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Public Safety Minister Vic Toews rises in the House of Commons.

ADRIAN WYLD/THE CANADIAN PRESS

Corrections Canada is shopping for a new national contractor to manage all federal prison chaplains, six months after Ottawa announced it would stop funding spiritual leaders who were only employed part-time.

That decision, which was announced last fall, meant most non-Christian contracts were not renewed, leaving 72 full-time Christian chaplains and two full-time Muslim chaplains responsible for most religious services in prisons across the country.

The government said at the time that the shift to full-time providers would ensure money was spent "wisely and appropriately." But many Christian and non-Christian chaplains worried that prisoners from minority faith backgrounds would lose access to relevant spiritual guidance.

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Most of the 49 part-time chaplains who were previously employed by the Correctional Service of Canada have since seen their contracts expire, including 16 who represented non-Christian faiths. Only one part-time Buddhist chaplain and one part-time Jewish chaplain still have contracts in the Atlantic and Ontario regions, respectively, according to the Correctional Service of Canada.

Beginning this fall, the chaplaincy program will undergo another significant shift, with the federal government looking to contract all chaplaincy services through a single provider, a Corrections Canada spokeswoman said on Tuesday.

"Going forward, CSC will consolidate this contractual process under one national contractor," Sara Parkes wrote in an e-mailed response to questions. "In conjunction with CSC, the national contractor will ensure the provision of chaplains who are qualified, official representatives of their faith traditions and capable of ministry in the correctional environment."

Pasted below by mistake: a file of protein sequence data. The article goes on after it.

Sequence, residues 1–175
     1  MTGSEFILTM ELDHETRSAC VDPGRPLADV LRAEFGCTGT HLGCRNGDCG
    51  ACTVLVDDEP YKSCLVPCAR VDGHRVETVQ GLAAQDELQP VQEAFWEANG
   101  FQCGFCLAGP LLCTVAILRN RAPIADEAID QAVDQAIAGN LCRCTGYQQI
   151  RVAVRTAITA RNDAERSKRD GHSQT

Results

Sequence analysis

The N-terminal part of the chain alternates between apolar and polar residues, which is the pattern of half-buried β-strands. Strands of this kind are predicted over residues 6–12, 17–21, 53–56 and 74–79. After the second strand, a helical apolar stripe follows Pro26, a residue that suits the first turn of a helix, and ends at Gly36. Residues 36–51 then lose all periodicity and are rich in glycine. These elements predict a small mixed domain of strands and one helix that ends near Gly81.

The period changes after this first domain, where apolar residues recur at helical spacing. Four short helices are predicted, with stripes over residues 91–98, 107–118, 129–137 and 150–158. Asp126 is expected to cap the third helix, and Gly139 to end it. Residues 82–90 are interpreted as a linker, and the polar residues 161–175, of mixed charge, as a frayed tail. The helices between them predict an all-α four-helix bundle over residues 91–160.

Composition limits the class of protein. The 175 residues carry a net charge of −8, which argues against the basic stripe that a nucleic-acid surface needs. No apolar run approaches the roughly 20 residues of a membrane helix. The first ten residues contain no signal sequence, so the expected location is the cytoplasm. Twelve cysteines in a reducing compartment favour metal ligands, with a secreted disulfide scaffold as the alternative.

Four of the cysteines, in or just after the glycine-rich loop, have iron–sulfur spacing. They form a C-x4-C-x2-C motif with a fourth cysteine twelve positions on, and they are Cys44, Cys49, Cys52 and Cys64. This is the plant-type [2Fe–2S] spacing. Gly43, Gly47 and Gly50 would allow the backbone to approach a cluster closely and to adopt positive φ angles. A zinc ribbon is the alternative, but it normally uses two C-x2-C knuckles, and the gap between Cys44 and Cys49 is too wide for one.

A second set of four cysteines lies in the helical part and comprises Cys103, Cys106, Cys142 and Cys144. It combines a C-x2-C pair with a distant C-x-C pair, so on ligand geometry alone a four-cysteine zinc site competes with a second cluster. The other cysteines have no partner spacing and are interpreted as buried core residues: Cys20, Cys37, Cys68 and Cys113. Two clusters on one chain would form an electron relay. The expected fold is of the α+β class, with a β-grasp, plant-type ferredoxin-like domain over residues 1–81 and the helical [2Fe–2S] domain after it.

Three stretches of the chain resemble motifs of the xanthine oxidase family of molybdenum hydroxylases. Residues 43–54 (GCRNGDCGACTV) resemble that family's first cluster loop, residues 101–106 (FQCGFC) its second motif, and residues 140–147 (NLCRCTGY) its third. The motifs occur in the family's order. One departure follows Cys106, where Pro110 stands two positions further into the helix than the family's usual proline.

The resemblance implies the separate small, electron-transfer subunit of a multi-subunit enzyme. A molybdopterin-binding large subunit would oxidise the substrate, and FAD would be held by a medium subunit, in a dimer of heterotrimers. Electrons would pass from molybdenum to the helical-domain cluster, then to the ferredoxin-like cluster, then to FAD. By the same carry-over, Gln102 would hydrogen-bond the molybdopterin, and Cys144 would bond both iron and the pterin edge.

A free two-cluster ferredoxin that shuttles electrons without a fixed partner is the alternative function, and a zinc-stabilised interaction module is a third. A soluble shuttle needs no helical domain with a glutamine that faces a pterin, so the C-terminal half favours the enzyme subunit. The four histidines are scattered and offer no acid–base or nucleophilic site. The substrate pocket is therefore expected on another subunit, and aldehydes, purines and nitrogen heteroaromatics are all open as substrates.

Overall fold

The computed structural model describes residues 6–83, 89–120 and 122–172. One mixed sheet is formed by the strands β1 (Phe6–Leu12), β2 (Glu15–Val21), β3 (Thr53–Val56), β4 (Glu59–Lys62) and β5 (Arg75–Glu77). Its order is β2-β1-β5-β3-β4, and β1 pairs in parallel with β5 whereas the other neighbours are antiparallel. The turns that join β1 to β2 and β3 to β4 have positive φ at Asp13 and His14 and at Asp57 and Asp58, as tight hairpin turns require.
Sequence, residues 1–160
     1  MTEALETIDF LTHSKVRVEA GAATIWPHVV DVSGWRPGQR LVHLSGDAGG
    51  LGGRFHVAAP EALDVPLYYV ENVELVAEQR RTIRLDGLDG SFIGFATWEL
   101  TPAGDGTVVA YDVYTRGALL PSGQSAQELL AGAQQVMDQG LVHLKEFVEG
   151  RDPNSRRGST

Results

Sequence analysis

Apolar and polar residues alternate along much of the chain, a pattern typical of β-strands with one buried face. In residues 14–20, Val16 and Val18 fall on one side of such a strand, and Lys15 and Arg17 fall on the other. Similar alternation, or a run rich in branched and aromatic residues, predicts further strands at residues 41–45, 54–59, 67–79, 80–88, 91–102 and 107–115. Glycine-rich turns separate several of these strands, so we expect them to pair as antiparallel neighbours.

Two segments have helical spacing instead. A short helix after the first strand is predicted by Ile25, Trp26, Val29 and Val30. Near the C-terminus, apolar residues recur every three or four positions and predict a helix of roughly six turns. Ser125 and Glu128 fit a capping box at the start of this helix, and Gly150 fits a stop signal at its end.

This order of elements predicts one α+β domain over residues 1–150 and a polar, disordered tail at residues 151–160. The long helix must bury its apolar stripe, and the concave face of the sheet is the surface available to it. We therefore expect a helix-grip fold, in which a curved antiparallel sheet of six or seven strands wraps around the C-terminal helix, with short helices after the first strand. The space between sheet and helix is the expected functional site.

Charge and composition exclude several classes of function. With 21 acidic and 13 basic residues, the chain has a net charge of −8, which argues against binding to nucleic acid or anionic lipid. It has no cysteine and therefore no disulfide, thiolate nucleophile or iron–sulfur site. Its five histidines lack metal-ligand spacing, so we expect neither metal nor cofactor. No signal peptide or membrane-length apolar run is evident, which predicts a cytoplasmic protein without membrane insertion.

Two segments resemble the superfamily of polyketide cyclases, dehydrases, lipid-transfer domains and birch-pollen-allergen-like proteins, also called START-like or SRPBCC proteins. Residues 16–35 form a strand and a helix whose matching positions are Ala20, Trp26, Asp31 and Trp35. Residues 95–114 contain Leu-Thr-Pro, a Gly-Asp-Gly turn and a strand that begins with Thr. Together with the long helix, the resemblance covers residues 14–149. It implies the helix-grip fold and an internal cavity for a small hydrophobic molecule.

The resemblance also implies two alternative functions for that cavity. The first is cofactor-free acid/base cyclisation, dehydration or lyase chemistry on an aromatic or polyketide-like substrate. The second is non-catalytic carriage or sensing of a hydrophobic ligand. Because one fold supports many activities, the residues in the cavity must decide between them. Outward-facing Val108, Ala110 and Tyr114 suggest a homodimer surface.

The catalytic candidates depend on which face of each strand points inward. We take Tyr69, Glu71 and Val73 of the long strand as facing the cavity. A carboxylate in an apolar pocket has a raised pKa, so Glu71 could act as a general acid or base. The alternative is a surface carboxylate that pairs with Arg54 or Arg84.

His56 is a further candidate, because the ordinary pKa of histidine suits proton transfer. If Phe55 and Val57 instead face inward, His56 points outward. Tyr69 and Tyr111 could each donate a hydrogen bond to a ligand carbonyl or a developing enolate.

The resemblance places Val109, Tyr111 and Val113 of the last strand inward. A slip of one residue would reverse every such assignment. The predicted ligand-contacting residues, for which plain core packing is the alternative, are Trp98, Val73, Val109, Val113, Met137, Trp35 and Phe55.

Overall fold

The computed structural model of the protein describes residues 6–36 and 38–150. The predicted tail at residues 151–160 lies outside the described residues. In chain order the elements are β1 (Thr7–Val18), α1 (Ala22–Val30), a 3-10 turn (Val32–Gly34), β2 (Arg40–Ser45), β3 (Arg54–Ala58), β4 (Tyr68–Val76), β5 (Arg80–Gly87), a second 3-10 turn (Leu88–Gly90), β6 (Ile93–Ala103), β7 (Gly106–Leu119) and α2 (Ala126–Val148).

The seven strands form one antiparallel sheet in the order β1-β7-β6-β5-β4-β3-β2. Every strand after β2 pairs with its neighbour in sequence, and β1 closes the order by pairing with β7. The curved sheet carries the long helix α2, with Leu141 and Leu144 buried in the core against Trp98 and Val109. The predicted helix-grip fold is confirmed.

In addition to using full-time chaplains and volunteers, CSC will "implement any interim staffing approaches" that may be required, Ms. Parkes added.

"Interim staffing options" have taken place in the Pacific and Atlantic regions so far, she said, but did not describe the nature of the arrangements. The CBC reported last week that at least four part-time chaplains had been offered an opportunity to go back to work.

Howard Sapers, Canada's correctional investigator, said providing chaplains from a variety of faiths is "an essential part of meeting the constitutional test of providing access to freedom of worship."

Mr. Sapers said he doesn't know the details of the planned contract, but was pleased to hear that the CSC was making changes again after eliminating part-time chaplains. "We'll be waiting for the details of this latest announcement to see how it's put into operation."

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Rev. Bruce Cairnie, a full-time Presbyterian chaplain who has worked at the Matsqui Institution in Abbotsford, B.C., for the past three years, said chaplains in the region have so far been kept in the dark about the changes.

"I'm not sure that we all understand, but we certainly have got apprehensions about it, because we don't know who this new body would be, we don't know what their perspective would be," he said.

Mr. Cairnie said the loss of part-time chaplains from B.C. prisons in recent months has been a significant concern for the remaining full-time chaplains. "What we're seeing is most of the groups in the prison I serve have fallen inactive – so there's just a complete loss of religious community for the people who were members of that tradition," he said.

A spokeswoman from Public Safety Minister Vic Toews's office said on Tuesday that there are 2,500 volunteers who provide spiritual services to inmates from a variety of faiths, in addition to full-time chaplains. "The Government of Canada strongly supports the freedom of religion of all Canadians," Julie Carmichael wrote in an e-mail.

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